Some people will put their hand in a plastic bag or latex gloves and spread the paste out so they don't contaminate it, then use some straight edge (usually a credit card) to get it nice and even. Others will just use the credit card straight away. You want the layer of paste as thin as possible; less than half a millimeter, almost translucent, is good.
If you decide to use a latex glove, make sure you get the powder-free ones. Getting the powder on the heatsink and mixed with the paste will degrade performance.

Another trick that some use is applying the thermal paste to the heatsink base, then wiping it off (not using cleaner, just a non-linty cloth). This assures that all the imperfections on the heatsink are filled as well.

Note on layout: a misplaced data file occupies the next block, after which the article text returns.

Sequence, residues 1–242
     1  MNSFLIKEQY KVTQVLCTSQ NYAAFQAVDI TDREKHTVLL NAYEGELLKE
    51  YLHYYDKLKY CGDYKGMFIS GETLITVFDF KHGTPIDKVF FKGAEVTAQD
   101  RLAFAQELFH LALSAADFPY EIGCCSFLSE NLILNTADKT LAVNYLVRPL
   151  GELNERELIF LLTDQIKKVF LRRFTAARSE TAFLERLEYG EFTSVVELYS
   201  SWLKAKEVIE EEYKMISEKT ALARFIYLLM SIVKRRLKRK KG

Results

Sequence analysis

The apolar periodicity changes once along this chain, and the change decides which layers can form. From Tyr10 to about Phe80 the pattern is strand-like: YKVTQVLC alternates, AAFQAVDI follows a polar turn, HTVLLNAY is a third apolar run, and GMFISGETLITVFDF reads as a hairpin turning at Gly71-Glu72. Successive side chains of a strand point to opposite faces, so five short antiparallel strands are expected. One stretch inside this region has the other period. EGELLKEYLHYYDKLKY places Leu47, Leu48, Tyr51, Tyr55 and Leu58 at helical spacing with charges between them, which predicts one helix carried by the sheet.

Once you have the paste spread nice and even and as thin as you can get it; it's time to mount the heatsink. Be very careful when doing so, so that you don't have to do it twice. If you put it on, then take it off, you should re-apply the paste. You want to bring the heatsink onto the CPU as level as possible. If you angle it, it can disrupt the paste from spreading evenly.
Once your heatsink is properly mounted and the fan is connected you are ready to boot. It's not a bad idea to go into your BIOS or video card temperature-monitoring program to watch your temperatures for a few minutes. Just to make sure the paste was properly applied and that what ever part's paste you applied doesn't to get to hot.
As far as the power supply goes both are top of the line best of the best so i wouldn't worry about it to much hope this helps good luck!
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a b ) Power supply
November 1, 2012 2:13:15 PM

i just put a blob in the middle and let the heatsink apply pressure and spread itself out. more even contact that way

i can already see bad choices (overkill and better components for the price) of components but it will work fine.